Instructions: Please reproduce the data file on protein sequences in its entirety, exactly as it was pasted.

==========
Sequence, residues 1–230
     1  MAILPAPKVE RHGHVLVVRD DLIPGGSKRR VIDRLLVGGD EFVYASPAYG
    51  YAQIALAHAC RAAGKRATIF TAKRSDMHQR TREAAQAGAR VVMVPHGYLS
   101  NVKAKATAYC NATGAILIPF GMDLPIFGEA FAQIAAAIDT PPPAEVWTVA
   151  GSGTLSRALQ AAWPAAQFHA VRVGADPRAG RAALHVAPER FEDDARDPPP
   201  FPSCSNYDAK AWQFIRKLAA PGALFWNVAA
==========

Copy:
Sequence, residues 1–230
     1  MAILPAPKVE RHGHVLVVRD DLIPGGSKRR VIDRLLVGGD EFVYASPAYG
    51  YAQIALAHAC RAAGKRATIF TAKRSDMHQR TREAAQAGAR VVMVPHGYLS
   101  NVKAKATAYC NATGAILIPF GMDLPIFGEA FAQIAAAIDT PPPAEVWTVA
   151  GSGTLSRALQ AAWPAAQFHA VRVGADPRAG RAALHVAPER FEDDARDPPP
   201  FPSCSNYDAK AWQFIRKLAA PGALFWNVAA